How did you get to where you are today?
By working hard, being self-critical and striving to improve. I was a tackle shop maggot-cleaning boy until I graduated from university and spotted an advert in Angler’s Mail for a trainee reporter (such posts existed 16 years ago). I contributed in various roles until the old editor retired in 2002. I gambled it was ‘now or never’to try and edit the title.
What are your main tasks?
I’m hands-on, so do 101 things, from subbing and proofing, commissioning, thrashing out ideas, sorting the news agenda and steering designs. Oh, and planning!
What are the most important things to know in your job?
Understanding what the team has on the go is crucial, plus an all-round awareness of the weird and wonderful world of coarse angling. I constantly think ‘Derek”, a late-40s reader: is this interesting for him?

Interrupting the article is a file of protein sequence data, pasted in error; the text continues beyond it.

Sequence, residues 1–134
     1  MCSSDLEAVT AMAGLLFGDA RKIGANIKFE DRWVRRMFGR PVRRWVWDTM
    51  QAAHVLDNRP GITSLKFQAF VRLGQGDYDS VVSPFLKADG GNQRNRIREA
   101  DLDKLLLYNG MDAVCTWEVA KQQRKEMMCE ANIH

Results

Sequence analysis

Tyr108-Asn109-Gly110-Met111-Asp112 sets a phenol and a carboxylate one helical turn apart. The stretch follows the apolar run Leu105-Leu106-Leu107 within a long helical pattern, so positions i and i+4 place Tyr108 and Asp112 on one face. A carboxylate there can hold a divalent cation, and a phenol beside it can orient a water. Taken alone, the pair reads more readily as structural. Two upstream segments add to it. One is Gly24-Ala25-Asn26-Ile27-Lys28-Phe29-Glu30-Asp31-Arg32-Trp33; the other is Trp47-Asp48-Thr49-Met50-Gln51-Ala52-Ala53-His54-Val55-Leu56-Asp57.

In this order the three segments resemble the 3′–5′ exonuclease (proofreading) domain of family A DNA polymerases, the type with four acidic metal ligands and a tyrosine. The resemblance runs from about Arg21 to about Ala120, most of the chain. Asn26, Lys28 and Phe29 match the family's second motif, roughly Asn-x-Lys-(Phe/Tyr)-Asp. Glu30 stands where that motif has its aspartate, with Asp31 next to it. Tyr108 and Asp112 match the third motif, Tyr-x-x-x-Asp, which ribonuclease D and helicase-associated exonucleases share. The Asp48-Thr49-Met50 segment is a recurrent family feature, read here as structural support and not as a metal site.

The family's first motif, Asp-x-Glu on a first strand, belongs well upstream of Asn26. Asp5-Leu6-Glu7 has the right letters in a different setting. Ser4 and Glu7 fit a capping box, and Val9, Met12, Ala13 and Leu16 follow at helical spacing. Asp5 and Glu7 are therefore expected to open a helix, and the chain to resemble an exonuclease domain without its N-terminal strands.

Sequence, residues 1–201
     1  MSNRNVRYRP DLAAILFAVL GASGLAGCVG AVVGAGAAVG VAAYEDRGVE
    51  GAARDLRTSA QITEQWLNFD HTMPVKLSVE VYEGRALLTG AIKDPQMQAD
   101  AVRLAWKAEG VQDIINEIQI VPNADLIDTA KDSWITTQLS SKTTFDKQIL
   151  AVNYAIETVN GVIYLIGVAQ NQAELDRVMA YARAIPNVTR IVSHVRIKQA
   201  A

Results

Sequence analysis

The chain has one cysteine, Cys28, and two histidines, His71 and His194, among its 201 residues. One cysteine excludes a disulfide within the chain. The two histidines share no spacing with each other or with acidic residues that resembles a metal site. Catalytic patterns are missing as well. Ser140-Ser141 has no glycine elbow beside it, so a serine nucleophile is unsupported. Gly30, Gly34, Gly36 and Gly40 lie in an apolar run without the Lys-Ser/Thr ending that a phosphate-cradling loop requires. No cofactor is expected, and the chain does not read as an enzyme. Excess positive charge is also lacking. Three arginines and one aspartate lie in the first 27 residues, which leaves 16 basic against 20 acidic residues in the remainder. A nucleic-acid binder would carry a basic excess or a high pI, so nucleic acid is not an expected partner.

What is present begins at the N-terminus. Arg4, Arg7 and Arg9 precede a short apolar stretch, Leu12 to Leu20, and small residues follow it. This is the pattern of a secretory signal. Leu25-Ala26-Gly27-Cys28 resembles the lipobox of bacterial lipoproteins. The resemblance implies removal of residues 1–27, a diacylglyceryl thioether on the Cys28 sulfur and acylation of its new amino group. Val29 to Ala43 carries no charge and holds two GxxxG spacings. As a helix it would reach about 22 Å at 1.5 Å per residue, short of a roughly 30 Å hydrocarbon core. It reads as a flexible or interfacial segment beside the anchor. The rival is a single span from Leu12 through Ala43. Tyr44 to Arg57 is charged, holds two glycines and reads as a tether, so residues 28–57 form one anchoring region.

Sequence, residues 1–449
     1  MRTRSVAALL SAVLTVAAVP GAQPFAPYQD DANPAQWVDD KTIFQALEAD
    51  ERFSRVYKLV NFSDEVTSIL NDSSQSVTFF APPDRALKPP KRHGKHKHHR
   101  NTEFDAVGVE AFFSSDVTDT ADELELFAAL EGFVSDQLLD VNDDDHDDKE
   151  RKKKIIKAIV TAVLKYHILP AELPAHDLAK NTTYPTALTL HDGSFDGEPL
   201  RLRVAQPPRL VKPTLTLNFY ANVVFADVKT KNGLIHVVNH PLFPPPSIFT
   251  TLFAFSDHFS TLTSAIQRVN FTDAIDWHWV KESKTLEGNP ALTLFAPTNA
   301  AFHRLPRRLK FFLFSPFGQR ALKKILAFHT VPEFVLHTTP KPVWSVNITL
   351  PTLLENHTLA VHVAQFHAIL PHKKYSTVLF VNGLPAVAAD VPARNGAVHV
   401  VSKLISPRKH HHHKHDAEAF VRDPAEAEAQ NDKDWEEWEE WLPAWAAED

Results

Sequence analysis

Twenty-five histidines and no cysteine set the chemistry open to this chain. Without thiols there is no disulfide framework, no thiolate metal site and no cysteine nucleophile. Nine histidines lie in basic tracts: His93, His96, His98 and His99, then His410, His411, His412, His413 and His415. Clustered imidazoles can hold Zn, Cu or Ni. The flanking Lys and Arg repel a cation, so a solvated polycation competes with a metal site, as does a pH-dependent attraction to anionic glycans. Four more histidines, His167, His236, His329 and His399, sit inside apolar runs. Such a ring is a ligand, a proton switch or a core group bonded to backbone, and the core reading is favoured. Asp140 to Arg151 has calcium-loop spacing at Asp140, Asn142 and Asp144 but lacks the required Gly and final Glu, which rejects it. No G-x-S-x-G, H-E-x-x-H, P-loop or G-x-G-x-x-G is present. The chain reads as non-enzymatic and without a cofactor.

How important are your contacts?
There are more fishing mags in WH Smith than football – it’s competitive! And despite being a huge participant sport you have to go back to people. Every contact needs different treatment – honesty and politeness is the best policy.
What’s your key to success?
Having a great memory – anglers, catches and methods. Most readers have fished for more than 20 years so they must see your magazine speaking with total authority. We have to spot and reveal the unusual, and what could help readers catch more fish.
Likes and dislikes of your job?
Like fishing, anything can happen, in an instant. I’m getting a buzz off improving sales figures, and staff enthusiasm. But when staff don’t learn from mistakes or I have to keep chasing to get something done I get annoyed. Readers’ positive comments make all frustrations worthwhile.